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Minor update: Toyota Camry 2020 - more brains than beauty, relatively speaking ... read on


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This rental consisted of a much welcomed upgrade from a compact and being upgraded to a full-size though, in my estimation, this Toyota Camry base sedan looks more like a mid-size to me.  That's based on full-sizes looking more like American boulevardiers.  They didn't have many cars ... just a lot of SUVs, so I asked for something with a bona fide trunk. Better yet, I got to enjoy having this car in a temperate climate when winter is treating other parts of the country more harshly.

I've reviewed this vehicle before, and appended many photos.  This is a brief update highlighting pros and cons.

PROS:

- A 2.5 liter 4 cylinder engine with an 8 speed automatic transmission ... am I dreaming?  "Who'd have thunk" anybody would be marveling over an engine without 150 cubic inches, in old school car talk? But it's a normally aspirated engine

- Ample power to do what you need to do ... merge, pass, etc., noting that you can still get into trouble with around 200 hp

- Beautiful shift quality of the automatic transmission, with purposeful yet barely felt shifts from 1-2, 2-3, until you can't really feel the higher shift points.  I noted the same of the automatic transmission in Toyota's Rav 4 in another review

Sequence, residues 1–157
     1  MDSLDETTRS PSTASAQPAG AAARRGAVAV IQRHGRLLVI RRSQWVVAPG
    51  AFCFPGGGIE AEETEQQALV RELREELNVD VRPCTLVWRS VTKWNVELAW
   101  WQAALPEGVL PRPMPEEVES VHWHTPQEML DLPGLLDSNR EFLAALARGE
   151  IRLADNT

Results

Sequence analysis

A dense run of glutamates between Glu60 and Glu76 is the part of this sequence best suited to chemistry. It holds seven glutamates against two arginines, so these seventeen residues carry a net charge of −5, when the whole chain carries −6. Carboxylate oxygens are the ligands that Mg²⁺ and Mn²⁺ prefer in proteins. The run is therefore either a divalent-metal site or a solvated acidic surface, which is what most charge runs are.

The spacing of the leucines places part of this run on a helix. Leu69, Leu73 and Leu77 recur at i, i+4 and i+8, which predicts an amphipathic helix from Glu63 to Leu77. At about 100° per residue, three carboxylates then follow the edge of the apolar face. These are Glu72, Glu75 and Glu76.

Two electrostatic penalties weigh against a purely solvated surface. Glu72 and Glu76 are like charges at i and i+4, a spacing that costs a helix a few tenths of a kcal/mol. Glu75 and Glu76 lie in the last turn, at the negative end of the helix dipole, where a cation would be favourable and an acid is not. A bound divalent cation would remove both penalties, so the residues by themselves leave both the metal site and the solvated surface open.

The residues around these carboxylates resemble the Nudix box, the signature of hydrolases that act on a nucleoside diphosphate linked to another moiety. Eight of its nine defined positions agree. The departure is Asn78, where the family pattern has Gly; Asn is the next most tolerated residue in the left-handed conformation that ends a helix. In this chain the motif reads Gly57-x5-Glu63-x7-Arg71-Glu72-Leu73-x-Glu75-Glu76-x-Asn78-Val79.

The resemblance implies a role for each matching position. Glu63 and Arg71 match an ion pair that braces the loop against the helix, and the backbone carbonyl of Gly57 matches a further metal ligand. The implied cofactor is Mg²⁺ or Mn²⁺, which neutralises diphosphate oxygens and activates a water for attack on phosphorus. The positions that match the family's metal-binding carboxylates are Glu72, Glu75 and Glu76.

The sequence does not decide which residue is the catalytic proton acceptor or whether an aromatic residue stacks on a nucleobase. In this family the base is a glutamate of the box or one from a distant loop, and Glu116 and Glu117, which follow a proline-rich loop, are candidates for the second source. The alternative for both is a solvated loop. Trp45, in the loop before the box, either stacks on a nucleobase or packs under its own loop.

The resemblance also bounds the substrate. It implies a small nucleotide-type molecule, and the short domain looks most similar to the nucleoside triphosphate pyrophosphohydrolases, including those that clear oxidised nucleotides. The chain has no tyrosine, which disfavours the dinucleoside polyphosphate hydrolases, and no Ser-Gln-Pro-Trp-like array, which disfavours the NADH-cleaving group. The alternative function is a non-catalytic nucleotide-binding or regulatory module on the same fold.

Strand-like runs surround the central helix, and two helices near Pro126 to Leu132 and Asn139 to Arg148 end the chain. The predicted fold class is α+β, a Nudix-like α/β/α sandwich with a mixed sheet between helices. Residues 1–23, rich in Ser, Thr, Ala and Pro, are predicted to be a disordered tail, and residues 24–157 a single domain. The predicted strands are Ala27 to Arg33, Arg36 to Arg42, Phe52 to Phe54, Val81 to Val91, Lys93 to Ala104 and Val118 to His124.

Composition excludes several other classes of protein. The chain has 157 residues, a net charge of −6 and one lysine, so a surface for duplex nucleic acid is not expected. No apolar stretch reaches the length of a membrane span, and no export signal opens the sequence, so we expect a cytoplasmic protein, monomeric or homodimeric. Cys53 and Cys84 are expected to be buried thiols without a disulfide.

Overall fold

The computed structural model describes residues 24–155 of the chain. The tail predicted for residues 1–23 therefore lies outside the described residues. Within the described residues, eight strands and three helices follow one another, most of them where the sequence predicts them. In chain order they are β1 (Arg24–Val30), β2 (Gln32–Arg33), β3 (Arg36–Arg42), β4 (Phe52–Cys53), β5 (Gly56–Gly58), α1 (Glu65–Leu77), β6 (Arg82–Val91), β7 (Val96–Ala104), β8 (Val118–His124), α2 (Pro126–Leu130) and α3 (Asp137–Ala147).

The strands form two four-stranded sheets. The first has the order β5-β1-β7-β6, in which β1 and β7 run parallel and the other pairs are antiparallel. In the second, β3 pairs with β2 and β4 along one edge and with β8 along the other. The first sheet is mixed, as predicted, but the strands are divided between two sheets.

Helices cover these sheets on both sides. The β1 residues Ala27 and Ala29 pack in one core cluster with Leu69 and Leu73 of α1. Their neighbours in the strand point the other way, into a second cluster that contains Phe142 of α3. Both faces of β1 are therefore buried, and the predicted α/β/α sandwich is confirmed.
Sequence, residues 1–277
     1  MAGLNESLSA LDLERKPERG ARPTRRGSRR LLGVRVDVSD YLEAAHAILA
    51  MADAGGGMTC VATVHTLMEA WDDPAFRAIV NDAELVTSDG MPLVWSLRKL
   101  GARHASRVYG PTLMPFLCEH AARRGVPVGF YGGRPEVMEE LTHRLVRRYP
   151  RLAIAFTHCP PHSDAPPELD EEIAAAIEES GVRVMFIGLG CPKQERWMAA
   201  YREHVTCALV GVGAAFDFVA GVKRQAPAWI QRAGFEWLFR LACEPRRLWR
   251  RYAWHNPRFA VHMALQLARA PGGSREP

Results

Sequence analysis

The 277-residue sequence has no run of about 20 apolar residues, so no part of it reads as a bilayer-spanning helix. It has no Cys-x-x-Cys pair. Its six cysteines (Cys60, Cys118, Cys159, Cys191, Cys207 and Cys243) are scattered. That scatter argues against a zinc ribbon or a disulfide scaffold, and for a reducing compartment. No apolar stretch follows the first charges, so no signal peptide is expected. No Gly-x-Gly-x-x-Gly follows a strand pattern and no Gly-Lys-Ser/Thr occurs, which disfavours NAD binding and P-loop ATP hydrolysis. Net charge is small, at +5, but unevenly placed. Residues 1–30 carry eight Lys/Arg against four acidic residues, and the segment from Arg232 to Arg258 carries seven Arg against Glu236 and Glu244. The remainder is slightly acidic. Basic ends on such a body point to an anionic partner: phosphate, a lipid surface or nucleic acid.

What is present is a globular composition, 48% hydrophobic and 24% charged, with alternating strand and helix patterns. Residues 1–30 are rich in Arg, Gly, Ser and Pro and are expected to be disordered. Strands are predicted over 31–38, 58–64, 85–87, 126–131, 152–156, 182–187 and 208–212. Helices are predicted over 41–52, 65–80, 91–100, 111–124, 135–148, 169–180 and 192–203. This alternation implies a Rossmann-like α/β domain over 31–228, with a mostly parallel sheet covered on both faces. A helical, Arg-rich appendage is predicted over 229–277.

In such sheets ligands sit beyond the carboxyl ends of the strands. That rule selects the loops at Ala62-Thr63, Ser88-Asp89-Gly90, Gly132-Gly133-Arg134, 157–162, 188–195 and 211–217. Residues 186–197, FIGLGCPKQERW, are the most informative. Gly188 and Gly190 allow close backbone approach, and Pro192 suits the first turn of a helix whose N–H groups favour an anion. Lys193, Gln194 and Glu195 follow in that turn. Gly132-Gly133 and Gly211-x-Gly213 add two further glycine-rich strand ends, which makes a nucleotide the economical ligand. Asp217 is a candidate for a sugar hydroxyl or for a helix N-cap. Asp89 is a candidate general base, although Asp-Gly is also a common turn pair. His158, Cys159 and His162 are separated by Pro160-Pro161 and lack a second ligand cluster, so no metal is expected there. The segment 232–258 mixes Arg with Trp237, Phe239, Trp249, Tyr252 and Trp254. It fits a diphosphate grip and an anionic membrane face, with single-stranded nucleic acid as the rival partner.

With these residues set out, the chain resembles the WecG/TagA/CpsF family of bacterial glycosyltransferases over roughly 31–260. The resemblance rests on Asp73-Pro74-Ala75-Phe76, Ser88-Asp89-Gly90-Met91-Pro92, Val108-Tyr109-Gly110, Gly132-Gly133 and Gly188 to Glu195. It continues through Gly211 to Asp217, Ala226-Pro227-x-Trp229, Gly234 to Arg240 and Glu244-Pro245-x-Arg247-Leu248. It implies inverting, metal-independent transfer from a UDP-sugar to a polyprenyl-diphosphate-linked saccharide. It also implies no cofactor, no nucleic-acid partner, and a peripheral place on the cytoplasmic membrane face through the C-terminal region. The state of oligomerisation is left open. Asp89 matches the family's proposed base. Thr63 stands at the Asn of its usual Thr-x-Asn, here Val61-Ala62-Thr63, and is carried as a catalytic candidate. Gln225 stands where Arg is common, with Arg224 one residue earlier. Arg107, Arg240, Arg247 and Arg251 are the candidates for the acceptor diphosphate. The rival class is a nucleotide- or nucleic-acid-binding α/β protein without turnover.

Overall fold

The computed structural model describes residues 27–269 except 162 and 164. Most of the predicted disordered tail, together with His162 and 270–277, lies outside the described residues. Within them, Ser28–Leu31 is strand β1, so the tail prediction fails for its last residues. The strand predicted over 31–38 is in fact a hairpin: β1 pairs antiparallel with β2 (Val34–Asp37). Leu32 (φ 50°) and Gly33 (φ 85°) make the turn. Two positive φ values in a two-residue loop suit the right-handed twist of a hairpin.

- Surprisingly good fuel mileage for a N.A. engine and a geared transmission ... about 35 to 36 mpg, mixed, but mostly highway

- Comfortable highway ride and nimble in tighter maneuvers, such as parking

- Twenty years or so has taught Toyota engineers how to incorporate road feel into an easy, "relaxed" power steering set-up

- Roomy interior and roomy trunk

- Good sight lines from inside for rear visibility

- Legendary reliability

CONS:

- The front fascia, the front fascia ... and did I mention the front fascia?

- The unattractive 45 degree sweep of the diagonal at the base of the center stack ... you've got a harmonious looking dash in front of you, and, then, there's this overstyled feature that even hinders use

- The engine can get still get a little grainy under throttle

- While it's a minor issue, the rear sail panel looks like a throwback to a '68 Caprice coupe, but it sure beats a lot of current sedan rooflines that have too many (fixed) side windows in their greenhouses

- It's a decent value in base trim, but, with a V6 and higher trim levels, it can become pricey for what it's supposed to represent:  Toyota's value laden full-size sedan

- Not that many colors to choose from and, for what should be conventional enough colors, they offer some weird ones

- Similarly, not many interior color choices for base trims, in addition to an unusual bucket seat design with horizontal ribbing in the insets

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Like I said, this Camry has more brains than beauty. 

The driving experience has become much more refined and, I hate to say it, feels like what one of the better, large, and more recent American sedans felt like, which I consider a good thing.  It rides and handles smoothly, and it has come to offer an acceptable level of road feel.

The Camry has some decent angles, but the straight on and 3/4 views of the front grille and fascia are clunky.  This "appliance" look seems to be shared by Toyota-Lexus and they need to come up with something less burdensome to the eye.  Similarly, "less is more" when it comes to the dashboard.  The upper part of it is nice enough, though.